Based on my time as an IC, I understand the pain points and problems my team faces and will face since I have already experienced it. Engineering Managers are responsible for the smooth execution of projects while minimizing the concerns that arise. 

    There are different phases of projects but every phase has a challenge. As an Engineering Manager, I support my team to succeed while minimizing all those concerns. I enjoy focusing on the vision of the company and blending it with the personal and professional growth of ICs.

    As an Engineering Manager, you’re working with an entire team’s dynamics, meaning you need to resolve conflicts when they arise. What do you think the upside is to managing the dynamics of a team?

    Conflicts are inevitable and as an EM, the more you handle them the better you’ll get. One upside is you help all Individual Contributors on the team succeed. Another upside is eventually you get better at saying no.

    There will be so many things to control as an EM. By managing these dynamics, I see I am helpIng my engineers wholly – both in their technical competence and project management abilities. 

    As an Individual Contributor, your code contributed to the codebase and you could point to what you owned. In your role as a manager, how does your involvement with the codebase change, and how does this impact your team’s work?

    Well, as an EM I don’t get a lot of opportunities to actively maintain the codebase but I do participate in the code reviews. I can always suggest ways to improve the tech stack and that’s where I help my team adjust the roadmap. WhIle I am not maintaining the codebase, I am motivating my team to participate in constructive code-based reviews to help make them better engineers.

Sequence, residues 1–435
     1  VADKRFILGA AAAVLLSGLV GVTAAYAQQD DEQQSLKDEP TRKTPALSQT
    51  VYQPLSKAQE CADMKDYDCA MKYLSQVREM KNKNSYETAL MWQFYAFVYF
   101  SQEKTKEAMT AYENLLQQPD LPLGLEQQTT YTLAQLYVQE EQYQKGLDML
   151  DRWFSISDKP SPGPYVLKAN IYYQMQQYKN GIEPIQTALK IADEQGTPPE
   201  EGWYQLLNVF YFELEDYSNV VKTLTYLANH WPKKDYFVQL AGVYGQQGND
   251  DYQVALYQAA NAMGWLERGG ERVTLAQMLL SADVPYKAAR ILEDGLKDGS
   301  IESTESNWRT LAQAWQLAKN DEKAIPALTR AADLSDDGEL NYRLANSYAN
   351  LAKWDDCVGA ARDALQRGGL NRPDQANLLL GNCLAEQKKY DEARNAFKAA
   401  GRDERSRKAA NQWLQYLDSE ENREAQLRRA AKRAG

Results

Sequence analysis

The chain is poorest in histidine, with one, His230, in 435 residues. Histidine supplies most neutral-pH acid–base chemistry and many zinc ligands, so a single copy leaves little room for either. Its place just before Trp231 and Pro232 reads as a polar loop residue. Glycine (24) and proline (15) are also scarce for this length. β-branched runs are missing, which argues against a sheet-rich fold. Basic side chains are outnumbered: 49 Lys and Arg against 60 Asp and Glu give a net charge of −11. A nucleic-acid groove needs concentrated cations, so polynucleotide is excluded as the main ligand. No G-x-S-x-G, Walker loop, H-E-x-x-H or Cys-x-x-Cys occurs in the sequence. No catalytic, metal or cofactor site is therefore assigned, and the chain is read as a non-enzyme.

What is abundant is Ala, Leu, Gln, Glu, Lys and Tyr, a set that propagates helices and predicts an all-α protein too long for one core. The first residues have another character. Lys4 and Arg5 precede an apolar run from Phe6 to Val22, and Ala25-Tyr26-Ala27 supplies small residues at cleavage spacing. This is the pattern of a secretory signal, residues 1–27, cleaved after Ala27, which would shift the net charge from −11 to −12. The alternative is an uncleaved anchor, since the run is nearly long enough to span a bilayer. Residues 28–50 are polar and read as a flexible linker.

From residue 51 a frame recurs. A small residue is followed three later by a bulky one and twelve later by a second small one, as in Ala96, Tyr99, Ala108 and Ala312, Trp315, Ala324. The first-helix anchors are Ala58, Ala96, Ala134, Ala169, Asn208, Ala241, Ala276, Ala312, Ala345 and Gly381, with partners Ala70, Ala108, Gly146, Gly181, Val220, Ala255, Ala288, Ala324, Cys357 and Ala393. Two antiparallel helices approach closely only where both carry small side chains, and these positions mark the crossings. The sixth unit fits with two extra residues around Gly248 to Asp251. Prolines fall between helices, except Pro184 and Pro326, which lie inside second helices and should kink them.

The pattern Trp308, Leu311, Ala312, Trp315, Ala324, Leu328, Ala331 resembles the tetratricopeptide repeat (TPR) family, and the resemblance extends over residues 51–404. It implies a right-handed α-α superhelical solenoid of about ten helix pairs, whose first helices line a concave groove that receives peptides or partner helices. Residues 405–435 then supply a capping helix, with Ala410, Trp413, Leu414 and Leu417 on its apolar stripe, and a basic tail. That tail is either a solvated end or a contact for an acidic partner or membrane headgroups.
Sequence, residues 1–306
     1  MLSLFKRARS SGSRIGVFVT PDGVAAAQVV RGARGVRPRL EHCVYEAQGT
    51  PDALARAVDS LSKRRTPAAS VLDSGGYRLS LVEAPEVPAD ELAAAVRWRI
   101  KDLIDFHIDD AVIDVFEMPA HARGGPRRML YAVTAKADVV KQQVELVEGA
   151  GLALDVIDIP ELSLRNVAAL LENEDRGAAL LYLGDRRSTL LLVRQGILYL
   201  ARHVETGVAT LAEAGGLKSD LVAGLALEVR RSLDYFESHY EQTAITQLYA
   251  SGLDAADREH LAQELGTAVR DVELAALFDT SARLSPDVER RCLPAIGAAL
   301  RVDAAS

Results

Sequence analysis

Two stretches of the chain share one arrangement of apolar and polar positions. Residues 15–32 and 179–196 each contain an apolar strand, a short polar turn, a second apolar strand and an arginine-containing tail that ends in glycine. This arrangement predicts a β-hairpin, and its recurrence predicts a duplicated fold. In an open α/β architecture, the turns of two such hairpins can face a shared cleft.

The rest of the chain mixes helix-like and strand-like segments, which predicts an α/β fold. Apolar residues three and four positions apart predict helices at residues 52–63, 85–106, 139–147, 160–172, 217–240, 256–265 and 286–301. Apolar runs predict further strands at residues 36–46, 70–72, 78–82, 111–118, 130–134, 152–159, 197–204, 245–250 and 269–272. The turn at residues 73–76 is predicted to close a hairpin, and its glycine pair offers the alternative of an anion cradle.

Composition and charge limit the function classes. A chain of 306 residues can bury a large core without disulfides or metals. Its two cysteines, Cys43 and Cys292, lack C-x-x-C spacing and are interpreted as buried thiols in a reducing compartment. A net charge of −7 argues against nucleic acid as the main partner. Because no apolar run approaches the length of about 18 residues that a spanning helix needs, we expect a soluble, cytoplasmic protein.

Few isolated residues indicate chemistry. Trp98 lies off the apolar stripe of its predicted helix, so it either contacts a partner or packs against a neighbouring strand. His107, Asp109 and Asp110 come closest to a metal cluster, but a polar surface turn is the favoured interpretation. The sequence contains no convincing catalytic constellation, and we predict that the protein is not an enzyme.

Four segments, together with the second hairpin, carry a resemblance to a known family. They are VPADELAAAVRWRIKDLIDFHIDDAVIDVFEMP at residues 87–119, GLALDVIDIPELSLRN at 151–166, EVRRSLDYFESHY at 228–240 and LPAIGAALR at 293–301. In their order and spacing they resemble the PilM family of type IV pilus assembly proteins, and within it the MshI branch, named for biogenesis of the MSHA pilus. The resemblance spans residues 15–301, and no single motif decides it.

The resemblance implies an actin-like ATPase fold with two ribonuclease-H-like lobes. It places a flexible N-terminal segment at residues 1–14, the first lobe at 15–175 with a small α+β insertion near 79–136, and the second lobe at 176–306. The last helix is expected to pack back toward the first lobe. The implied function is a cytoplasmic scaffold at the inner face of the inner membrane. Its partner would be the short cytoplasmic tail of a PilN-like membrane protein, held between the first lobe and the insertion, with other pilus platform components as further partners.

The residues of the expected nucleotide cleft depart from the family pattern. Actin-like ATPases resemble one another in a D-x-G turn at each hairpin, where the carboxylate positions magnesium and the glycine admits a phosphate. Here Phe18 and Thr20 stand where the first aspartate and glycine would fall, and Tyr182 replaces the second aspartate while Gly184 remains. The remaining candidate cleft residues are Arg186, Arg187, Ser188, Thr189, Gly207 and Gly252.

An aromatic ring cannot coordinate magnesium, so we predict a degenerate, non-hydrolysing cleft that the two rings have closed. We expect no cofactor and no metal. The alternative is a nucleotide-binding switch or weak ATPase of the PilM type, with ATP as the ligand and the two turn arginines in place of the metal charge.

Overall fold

Insight from Exponent 

    Your experience as an Individual Contributor helps here as you’ve developed the technical know-how and understand how to grow from progress from a junior to senior engineer in terms of coding ability.

    Related: Curious about tech salary trends? Check out the data in this review.

    As an EM, you’ll develop tech skills more slowly. You’ll be focused more on macro than learning new languages or libraries. What kind of skills do you build as an Engineering Manager?

    As an EM I developed a “think big” and “make it happen” attitude. On top of that, I learned to give constructive feedback and how to negotiate.

    When you’re an Engineering Manager, your team’s success determines your success. It can take longer to ship products and code. How is success measured as an EM, and what do you find fulfilling about it?

    My success is measured by the performance of my team and my individual reports. My goal is to develop technical excellence across the company as an EM. I enjoy driving project execution but I make sure my individual reports receive exciting, diverse responsibilities in a way that infuses the company’s culture with our team. 

    If you’re not sure whether to pursue an IC path or transition into an EM, here’s my advice: if you’re even a little interested in becoming an EM, talk about it with your manager. Ask them to provide more responsibilities that will help you become an EM.